It booked the Blues place at Wembley once again – and Vialli's side were firm favourites to overcome Middlesbrough, who had eliminated Liverpool at the semi-final stage.

‘The mood within our team was good,’ Sinclair says. ‘But the biggest focus the likes of myself, Steve Clarke and Eddie Newton had was that we knew what it was like to lose in a final after 1994.

‘You realise that for cup finals, even though it’s a massive stage, you have to make sure its business as usual. We took that into both finals against Middlesbrough because while it's a special day if do win, it is an awful day if you don’t.’

And, in the mind of Sinclair, the new man in the Stamford Bridge dugout felt the weight of preparing a team for a Wembley final.

‘Building into the game we knew Luca was really nervous. He was just that type of character. It’s surprising for some considering what he achieved in the game and the levels he played, but that is just how he was.

‘He would be nervous for any game. If we were facing a team from League Two in the first round, he still would have been that way. It was just him. You could see going into that game, his body language was tense and he wasn’t great at hiding it.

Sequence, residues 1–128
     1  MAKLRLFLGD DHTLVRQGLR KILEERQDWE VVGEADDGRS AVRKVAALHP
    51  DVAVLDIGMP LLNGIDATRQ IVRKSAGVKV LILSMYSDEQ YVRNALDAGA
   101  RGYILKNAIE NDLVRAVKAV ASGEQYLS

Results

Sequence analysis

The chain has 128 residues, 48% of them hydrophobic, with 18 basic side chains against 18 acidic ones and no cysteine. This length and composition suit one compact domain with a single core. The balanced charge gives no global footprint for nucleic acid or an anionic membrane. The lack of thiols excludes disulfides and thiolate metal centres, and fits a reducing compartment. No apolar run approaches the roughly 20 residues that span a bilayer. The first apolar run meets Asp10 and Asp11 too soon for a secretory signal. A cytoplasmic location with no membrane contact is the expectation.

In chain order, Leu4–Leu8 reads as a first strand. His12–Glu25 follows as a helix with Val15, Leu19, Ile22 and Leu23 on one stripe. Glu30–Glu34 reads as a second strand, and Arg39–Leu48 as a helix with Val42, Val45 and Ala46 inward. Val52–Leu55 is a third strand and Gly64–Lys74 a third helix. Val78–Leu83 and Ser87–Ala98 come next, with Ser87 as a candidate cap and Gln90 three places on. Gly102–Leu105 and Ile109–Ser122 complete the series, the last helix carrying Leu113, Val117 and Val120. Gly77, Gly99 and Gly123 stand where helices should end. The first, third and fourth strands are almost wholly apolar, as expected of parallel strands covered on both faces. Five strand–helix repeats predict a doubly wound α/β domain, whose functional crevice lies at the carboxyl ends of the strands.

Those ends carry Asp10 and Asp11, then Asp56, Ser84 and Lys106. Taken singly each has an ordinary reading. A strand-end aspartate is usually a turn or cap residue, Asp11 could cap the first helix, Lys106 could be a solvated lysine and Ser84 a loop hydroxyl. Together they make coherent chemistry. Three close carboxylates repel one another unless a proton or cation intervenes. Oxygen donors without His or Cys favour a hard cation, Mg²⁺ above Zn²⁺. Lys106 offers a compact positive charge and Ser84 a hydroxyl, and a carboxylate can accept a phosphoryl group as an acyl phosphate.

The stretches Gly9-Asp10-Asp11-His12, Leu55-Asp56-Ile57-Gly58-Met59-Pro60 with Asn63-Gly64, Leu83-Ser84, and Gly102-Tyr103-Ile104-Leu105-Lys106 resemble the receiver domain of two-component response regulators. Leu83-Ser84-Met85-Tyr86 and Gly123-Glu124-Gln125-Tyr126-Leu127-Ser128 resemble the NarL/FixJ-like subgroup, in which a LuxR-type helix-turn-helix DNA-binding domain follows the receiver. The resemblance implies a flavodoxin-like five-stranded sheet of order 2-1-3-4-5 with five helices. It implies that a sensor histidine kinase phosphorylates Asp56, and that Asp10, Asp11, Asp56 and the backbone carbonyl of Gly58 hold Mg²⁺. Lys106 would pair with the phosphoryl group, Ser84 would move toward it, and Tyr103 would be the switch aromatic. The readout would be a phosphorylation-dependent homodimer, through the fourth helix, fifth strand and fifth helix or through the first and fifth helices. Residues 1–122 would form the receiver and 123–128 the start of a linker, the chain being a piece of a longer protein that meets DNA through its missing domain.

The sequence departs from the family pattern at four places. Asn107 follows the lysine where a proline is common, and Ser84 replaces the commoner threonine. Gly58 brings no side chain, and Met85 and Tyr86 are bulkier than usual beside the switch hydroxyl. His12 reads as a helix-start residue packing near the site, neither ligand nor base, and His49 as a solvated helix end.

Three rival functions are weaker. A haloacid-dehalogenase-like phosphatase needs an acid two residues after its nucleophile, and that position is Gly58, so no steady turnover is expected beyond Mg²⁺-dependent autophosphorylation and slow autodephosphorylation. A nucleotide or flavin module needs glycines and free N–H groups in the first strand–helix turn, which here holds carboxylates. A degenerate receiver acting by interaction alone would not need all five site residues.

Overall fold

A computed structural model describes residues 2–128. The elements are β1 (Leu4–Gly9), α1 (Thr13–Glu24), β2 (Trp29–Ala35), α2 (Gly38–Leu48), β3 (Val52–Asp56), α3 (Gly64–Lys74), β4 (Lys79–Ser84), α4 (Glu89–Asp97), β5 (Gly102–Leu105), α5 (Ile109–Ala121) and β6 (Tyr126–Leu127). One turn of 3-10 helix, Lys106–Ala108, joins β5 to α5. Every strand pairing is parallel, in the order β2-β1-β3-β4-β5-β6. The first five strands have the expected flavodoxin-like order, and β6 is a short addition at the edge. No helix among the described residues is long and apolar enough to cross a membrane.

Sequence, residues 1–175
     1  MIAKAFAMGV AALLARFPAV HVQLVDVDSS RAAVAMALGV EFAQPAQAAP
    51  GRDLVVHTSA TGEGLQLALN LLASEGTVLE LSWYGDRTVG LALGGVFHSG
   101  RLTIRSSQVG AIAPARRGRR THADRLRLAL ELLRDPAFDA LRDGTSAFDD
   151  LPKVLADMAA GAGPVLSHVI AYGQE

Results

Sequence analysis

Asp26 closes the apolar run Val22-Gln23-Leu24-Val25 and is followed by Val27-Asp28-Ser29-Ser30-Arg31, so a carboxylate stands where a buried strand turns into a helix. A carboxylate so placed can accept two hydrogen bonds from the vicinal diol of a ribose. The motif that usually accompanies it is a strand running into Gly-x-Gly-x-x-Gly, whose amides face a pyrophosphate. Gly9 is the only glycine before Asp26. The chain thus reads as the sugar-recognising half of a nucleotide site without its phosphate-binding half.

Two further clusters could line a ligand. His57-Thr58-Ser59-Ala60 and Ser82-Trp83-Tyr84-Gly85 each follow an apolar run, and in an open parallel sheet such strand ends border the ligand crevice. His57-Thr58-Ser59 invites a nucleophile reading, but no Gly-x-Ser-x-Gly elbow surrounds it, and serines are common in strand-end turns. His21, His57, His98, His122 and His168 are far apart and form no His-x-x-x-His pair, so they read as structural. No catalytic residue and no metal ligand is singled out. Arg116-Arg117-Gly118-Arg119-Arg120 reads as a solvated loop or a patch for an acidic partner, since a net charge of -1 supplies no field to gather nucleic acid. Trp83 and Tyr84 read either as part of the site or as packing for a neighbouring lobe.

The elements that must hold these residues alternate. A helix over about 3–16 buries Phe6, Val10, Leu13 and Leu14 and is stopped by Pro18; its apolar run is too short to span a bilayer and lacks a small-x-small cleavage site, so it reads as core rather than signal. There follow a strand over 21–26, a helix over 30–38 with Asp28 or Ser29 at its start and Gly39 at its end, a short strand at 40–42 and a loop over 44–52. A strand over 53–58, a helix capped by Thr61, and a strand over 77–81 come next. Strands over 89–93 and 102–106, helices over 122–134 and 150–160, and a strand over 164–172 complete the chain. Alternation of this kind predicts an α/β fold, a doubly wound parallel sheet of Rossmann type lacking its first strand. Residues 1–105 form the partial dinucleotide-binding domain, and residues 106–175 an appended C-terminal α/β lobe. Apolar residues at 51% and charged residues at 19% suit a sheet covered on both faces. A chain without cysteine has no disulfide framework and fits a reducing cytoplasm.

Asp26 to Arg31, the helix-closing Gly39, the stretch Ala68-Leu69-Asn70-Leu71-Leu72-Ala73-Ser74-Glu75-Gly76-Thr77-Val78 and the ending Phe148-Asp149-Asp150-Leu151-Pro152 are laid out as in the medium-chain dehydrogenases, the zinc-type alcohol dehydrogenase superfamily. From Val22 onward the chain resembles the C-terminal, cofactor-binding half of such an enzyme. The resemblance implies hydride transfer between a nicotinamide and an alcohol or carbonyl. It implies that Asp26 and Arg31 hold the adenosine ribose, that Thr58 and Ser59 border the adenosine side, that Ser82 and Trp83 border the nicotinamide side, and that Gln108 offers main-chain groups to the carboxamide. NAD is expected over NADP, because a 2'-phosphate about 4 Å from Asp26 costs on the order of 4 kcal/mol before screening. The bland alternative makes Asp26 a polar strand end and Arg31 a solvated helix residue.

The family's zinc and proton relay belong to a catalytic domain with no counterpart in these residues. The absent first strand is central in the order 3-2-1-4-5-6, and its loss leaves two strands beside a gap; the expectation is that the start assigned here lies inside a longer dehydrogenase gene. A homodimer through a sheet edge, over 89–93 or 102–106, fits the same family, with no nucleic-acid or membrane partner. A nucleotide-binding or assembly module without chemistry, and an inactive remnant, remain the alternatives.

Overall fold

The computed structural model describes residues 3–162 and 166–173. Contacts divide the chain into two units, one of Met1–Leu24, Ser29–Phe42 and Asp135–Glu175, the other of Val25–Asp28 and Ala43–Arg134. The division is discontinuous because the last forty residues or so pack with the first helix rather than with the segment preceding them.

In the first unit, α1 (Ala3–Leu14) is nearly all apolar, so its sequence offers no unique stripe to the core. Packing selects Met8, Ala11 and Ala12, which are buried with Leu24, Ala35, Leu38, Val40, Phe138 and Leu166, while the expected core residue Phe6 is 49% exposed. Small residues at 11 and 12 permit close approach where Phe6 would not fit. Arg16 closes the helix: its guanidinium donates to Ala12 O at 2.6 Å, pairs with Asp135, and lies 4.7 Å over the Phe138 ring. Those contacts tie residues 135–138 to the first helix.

‘But generally, as a team, we were very relaxed. We were confident we had the ability, but we also knew we were playing a better Middlesbrough team than in the FA Cup final. They had just signed Paul Gascoigne, who we knew could impact the game.

‘They had better players and we knew it would be a big challenge. We knew they’d have an edge, wanting revenge for the year before. We had to match that.’

Like many finals down the years, it proved a cagey affair. Both sides were cautious to overcommit in attack, with Sinclair part of a disciplined, well-drilled Chelsea back three alongside Frenchmen Frank Leboeuf and fellow Academy graduate Michael Duberry.

Midway through the second half with the game goalless, Boro introduced Gascoigne and the game started to open up. Vialli responded with tactical tweaks of his own, meanwhile, Sinclair was struggling with an injury.

‘Steve Clarke came on midway through the second half and I went to the right wing-back where Dan (Petrescu) had been.

‘Obviously, it was too late to say anything about the injury by then so I just battled through. I had a little bit of pain but just got through it, which is easier when you’re trying to win a game.

‘It was a draining day as it was quite warm as well. The size of the pitch at Wembley is always going to sap your legs but as far as I was concerned, it was the same for everybody.

'You could tell by the pace of the game, how much it had slowed down in the latter stages, you knew everyone was feeling it.